What really annoyed me was the uncertainty of the process. Had they been able to give me a projected move date, I could have gone on with my life and structured things around it. But this process seemed so vague. “It won’t take that long” conveys no real information about how long the process will take. It feels very dismissive and impersonal. It’s as though the worker is announcing, “I’m officially done with this part of my caseload; I don’t have time for questions.” I understand that the aid worker might not want to commit to any concrete timeframes, but I would have been perfectly satisfied with “It normally takes ten days, but I don’t want to say that expectation.”
In addition to putting my mind at ease, such information would have been vital in helping me to organize tasks. I could have fit activities and appointments into my calendar, while saving days eight and beyond for packing. It would not have mattered if things had not strictly matched this timeline; the exercise of multitasking along a set timeline is great brain training for a person who is about to live independently.
The uncertainty was difficult, but there was not much I could do about it. All worrying about things I could not control would do was rob me of sleep. This would in turn make balancing far more difficult, causing setbacks when I was ready to move out on my own. So I started ramping up my workouts again. I began doing more weight training and committing to a minimum of 80 reps for each exercise.
It was about this time that I accidentally discovered that my gym had massage chairs. I had previously only used the Hydromassage beds. I would go in, ask for a massage bed number, and be assigned a number. One day I asked for a massage chair.
The person working the desk asked, “Do you want Hydromassage or the massage chair?”
I hadn’t known a choice existed. The attendant led me to the Black Card Membership section of the club., where the massage and tanning rooms were. The coin-op chairs were recliners that looked intriguing. I sat down and the attendant fed two coins into the slot.
In a few seconds, the chair began to hum. It cupped my calves and shins then reclined on its own. Then little massage finger beneath its surface began kneading my hamstrings, calves, spine, and clavicles. It felt wonderful. I relaxed, closed my eyes, and repeatedly rolled my shoulders. As I sat there blissfully, my body seemed to almost fall asleep. When the chair had finished, my chair returned itself to an upright position. I tried to stand up, but I fell back in the chair. My body was a little too relaxed. I sat back for a few seconds and let my body prepare to rise again.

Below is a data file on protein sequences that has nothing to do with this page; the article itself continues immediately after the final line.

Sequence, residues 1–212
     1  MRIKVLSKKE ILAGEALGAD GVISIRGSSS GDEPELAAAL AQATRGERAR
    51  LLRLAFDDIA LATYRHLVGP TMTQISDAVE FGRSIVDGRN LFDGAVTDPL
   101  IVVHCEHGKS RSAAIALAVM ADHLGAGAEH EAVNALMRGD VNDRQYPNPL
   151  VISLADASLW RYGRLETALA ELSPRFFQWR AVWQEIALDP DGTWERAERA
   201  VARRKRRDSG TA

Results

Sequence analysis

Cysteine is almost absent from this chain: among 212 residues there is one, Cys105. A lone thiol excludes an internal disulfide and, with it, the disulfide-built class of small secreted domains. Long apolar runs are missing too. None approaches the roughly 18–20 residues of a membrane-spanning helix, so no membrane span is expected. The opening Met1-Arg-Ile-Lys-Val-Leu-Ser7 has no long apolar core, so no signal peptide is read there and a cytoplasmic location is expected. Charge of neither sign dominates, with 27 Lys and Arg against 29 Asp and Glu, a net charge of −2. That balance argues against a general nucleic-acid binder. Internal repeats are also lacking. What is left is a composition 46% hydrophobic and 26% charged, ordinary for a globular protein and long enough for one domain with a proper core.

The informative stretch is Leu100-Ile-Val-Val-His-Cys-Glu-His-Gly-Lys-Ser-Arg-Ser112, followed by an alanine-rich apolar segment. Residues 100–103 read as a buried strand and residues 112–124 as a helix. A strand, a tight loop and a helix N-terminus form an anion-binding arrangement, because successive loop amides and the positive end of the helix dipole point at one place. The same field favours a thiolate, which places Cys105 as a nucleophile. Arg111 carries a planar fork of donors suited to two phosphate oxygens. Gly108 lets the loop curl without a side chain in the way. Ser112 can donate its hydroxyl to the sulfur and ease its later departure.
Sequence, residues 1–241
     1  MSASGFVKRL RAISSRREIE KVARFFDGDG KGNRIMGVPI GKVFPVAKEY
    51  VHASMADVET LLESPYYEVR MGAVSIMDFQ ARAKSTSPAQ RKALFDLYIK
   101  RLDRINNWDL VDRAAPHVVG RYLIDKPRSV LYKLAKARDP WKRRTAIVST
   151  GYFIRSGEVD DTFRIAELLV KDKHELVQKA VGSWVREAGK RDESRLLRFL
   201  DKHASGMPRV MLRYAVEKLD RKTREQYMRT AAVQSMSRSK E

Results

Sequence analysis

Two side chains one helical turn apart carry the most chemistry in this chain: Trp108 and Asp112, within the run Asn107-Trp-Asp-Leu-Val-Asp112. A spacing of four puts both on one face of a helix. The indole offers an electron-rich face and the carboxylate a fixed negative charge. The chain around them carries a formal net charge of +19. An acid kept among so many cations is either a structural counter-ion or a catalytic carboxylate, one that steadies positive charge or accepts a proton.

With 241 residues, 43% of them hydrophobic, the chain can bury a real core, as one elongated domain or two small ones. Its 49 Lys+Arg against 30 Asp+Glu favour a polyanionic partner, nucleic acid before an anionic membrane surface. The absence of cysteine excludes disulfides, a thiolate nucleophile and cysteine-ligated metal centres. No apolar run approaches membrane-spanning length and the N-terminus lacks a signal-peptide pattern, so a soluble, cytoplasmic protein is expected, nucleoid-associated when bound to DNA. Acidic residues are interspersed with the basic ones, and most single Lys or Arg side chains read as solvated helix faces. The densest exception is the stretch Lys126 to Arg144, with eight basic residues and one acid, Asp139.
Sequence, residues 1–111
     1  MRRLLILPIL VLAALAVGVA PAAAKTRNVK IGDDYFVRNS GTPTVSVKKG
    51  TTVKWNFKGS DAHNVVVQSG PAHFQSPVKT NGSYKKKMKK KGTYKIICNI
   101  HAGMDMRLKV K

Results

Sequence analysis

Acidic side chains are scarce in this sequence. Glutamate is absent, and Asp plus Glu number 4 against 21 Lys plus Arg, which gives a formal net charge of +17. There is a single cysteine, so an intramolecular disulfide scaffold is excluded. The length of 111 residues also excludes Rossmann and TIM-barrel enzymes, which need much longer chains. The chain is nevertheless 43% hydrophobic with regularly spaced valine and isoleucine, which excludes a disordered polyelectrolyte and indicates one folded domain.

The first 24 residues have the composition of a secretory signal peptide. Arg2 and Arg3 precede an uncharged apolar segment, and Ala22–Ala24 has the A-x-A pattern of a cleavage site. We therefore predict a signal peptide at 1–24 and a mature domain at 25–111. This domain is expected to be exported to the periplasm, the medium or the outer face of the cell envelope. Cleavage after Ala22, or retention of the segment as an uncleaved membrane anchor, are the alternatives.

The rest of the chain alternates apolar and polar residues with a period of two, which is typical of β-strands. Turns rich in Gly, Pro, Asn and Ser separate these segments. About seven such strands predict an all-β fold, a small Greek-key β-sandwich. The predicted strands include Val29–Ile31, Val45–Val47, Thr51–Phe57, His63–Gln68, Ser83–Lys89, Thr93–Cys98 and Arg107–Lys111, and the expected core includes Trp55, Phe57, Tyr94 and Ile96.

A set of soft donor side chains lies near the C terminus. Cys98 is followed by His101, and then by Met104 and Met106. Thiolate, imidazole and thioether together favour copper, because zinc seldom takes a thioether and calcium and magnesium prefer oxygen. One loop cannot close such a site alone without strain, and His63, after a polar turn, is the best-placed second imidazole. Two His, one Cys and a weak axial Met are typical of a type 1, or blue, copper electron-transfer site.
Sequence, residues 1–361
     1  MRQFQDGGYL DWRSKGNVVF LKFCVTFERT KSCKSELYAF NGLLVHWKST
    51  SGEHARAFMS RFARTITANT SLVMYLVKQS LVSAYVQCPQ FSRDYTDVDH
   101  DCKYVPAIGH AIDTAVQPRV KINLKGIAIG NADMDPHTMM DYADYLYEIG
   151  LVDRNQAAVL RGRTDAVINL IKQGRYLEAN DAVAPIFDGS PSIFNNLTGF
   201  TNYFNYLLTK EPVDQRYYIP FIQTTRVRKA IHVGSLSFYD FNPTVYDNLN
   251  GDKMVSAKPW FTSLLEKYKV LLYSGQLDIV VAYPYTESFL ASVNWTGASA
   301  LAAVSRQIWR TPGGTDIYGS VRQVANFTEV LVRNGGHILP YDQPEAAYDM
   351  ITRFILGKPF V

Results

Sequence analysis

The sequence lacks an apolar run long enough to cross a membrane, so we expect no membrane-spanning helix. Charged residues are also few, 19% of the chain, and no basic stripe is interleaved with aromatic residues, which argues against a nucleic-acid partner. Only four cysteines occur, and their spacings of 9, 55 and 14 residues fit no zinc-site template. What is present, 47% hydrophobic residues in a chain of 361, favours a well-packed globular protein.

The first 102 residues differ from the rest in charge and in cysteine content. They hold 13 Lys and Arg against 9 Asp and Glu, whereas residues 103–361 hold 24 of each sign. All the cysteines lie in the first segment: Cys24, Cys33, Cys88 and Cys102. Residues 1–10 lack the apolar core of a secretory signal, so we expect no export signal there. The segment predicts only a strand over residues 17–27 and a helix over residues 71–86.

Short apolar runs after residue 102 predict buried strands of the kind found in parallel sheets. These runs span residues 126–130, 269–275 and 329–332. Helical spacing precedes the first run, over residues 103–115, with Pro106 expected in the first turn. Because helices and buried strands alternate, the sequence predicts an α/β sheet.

Outside of the gym, blogging and trying to not think about the moving deadline, I decided to try socializing more. That would help me to stop worrying so much about when Chateau would release me. It would also help me to enjoy the functional ways in which all of the working out had improved my body. After all, the three years of physical rehabilitation had ultimately been about returning me to a normal life.
One of the first things I did was go out for the World Cup final. France had made it through and was playing against Croatia. So my friend from France was coming back to Minneapolis to watch the match. Since we had been able to get in before, Karine and I had agreed to go to Brit’s Pub for the match.
I didn’t even have breakfast at Chateau on the morning of the final. There was no way I wanted to risk being late. As soon as I arrived downtown, I saw hordes of people dressed in blue. I could tell that Brit’s was already extremely busy. I tried to walk as quickly as I could. When I arrived at the pub, all the seats on the main floor appeared to be full. My heart sank, as I was sure that there were no seats left upstairs either. My stamina had improved greatly, but there was no way I would be able to stand for four hours. So I asked the hostess if there were any seats available.
She led me to another dining room. It was almost full. One table for six was open. It was in the front of the room, just under a large flat screen. She asked me if it was okay, believing that I might not want to sit so close. I could not believe my luck! This location seemed perfect. My view would never be obstructed; I could actually hear the telecast; the restroom was a short walk away. I told her that it would be okay. When the waitress arrived, I quickly ordered food in order to make sure that the table was occupied by paying customers.
Karine did not arrive until much closer to kickoff. I had saved seats for other people, but they were Croatian supporters and chose to sit on the rooftop lawn with other Croatia fans. Still, it felt so magical being back in a packed pub for a World Cup final, when just walking again had only been a fantasy fewer than three years before. I had wondered whether I would ever live in Minneapolis again. Now outings like these were just part of life again. I’m sure that one day the novelty will wear off, but for now I will try to hold on to this feeling of enchantment.